Canadian handset manufacturer Research In Motion is sinking further into trouble and with its new operating platform BlackBerry 10 still months away, Paul Withers reckons 2012 is looking increasingly bleak
RIM is in trouble, and the coming months don’t look too promising for it.
Last week, the BlackBerry manufacturer posted a loss of £78 million for the three months ended March 2. Revenues slid 25 per cent to £2.6 billion compared to £5.6 billion in the same quarter a year earlier.
IHS Global Insight telecom analyst Dexter Thillien says these results weren’t a surprise as it was a period in which BlackBerry faced strong competition from the launch of the iPhone 4S and the emergence of new Android devices running the Ice Cream Sandwich 4.0 operating system.
RIM CEO Thorsten Heins (pictured) announced RIM’s new strategy was to “refocus on the enterprise business and capitalise on our leading position in this segment”, adding “We believe that BlackBerry cannot succeed if we tried to be everybody’s darling and all things to all people. Therefore, we plan to build on our strength.”
So RIM is going to concentrate more on the market that it has built its success on. It may seem like the right move. But industry observers have doubts. Gartner research director Roberta Cozza says to be successful in the enterprise market, a company has to be successful in the consumer market too. The distinction between business users and consumers is becoming more blurred, she believes.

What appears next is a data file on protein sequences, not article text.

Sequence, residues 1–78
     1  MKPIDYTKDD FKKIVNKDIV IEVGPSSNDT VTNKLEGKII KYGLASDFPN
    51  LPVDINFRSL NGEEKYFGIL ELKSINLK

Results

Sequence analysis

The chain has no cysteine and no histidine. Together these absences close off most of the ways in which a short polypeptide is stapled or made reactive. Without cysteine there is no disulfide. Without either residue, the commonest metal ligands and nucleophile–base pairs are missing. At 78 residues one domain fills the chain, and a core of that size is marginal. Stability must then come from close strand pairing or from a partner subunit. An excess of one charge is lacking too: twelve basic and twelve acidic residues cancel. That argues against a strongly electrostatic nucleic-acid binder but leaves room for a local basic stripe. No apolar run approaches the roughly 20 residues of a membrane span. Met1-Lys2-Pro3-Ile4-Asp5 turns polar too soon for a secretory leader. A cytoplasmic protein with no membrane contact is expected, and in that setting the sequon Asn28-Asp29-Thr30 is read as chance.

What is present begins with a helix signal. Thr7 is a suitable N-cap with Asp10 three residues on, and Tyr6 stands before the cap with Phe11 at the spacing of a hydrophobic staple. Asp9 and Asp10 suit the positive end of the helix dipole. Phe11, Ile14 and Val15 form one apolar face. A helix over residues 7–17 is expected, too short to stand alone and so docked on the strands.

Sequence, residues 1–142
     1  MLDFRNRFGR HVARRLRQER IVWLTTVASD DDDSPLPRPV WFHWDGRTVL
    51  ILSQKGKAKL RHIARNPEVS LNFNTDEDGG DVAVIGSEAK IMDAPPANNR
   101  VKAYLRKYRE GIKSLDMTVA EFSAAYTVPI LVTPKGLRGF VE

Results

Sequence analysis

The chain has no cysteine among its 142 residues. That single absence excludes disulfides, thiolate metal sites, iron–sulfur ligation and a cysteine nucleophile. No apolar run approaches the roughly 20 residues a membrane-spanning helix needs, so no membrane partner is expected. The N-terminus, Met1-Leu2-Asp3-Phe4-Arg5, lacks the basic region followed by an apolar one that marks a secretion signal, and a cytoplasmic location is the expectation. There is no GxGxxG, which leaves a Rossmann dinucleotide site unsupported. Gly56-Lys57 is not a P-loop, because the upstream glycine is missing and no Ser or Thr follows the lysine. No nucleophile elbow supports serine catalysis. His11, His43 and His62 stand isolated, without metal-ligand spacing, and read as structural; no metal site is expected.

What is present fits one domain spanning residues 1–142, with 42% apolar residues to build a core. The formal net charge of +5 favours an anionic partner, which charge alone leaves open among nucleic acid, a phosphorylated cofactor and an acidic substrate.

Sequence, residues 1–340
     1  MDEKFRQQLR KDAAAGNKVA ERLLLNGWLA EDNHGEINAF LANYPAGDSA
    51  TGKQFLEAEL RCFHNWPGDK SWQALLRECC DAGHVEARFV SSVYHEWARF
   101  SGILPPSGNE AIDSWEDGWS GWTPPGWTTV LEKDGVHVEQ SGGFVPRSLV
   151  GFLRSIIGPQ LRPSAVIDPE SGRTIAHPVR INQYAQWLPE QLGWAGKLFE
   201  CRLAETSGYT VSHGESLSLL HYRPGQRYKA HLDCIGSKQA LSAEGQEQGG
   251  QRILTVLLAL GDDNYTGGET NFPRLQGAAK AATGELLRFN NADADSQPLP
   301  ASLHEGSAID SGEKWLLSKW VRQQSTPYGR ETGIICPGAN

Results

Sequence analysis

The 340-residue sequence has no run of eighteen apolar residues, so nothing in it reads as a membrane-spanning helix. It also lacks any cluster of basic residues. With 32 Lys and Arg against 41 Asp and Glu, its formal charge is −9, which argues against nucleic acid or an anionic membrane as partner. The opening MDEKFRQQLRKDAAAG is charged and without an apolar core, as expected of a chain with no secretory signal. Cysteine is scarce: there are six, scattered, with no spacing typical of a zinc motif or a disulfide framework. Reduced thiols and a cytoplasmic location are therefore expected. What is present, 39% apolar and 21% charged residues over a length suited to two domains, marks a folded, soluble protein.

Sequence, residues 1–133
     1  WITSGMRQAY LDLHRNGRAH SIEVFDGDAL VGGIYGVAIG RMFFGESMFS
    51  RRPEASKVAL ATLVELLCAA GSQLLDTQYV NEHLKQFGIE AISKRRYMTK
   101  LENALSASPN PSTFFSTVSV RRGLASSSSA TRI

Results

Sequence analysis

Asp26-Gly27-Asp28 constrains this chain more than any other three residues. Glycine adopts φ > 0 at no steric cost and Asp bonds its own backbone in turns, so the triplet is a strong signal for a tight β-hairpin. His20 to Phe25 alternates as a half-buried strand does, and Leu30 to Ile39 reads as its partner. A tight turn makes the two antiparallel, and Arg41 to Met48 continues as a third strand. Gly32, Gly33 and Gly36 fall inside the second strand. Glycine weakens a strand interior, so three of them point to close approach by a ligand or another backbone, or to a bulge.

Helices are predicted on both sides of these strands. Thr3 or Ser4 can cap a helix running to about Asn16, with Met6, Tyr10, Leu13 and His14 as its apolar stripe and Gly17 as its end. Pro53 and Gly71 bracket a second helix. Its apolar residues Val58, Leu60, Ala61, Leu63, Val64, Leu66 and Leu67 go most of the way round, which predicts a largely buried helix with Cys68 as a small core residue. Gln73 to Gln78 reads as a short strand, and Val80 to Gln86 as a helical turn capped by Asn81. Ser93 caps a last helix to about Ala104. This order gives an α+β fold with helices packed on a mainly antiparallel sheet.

So RIM is between a rock and a hard place, its market share eroded by Apple’s iPhone and the range of handsets that now run off Android.
Its attempts to compete with Apple and the iPhone have not been great. Its PlayBook tablet was an unmitigated sales disaster selling 1.3 million units since launch last year compared with the 40.5 million iPads sold in 2011.
The PlayBook was not helped by being released without email capabilities. This only become available on the device in February with the updated PlayBook 2.0 OS. RIM can’t compete with Apple’s loyal fan base while Google’s Android has devices across different price points. Microsoft and Nokia are also making renewed attempts to gain more of a foothold in the market.
Full article in Mobile News issue 511 (April 9, 2012).
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